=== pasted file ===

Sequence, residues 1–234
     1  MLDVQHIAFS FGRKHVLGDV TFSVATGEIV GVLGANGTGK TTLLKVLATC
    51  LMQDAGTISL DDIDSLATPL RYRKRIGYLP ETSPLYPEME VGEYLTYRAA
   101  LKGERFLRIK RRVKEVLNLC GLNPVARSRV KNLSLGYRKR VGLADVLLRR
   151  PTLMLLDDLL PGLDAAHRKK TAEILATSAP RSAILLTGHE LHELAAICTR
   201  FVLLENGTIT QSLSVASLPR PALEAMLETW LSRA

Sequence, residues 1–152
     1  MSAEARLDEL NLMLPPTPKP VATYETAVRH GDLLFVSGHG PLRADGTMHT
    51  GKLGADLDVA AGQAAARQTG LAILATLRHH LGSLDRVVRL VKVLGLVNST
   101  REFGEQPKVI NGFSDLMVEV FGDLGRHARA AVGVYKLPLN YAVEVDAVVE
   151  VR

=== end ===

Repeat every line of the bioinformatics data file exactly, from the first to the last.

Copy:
Sequence, residues 1–234
     1  MLDVQHIAFS FGRKHVLGDV TFSVATGEIV GVLGANGTGK TTLLKVLATC
    51  LMQDAGTISL DDIDSLATPL RYRKRIGYLP ETSPLYPEME VGEYLTYRAA
   101  LKGERFLRIK RRVKEVLNLC GLNPVARSRV KNLSLGYRKR VGLADVLLRR
   151  PTLMLLDDLL PGLDAAHRKK TAEILATSAP RSAILLTGHE LHELAAICTR
   201  FVLLENGTIT QSLSVASLPR PALEAMLETW LSRA

Sequence, residues 1–152
     1  MSAEARLDEL NLMLPPTPKP VATYETAVRH GDLLFVSGHG PLRADGTMHT
    51  GKLGADLDVA AGQAAARQTG LAILATLRHH LGSLDRVVRL VKVLGLVNST
   101  REFGEQPKVI NGFSDLMVEV FGDLGRHARA AVGVYKLPLN YAVEVDAVVE
   151  VR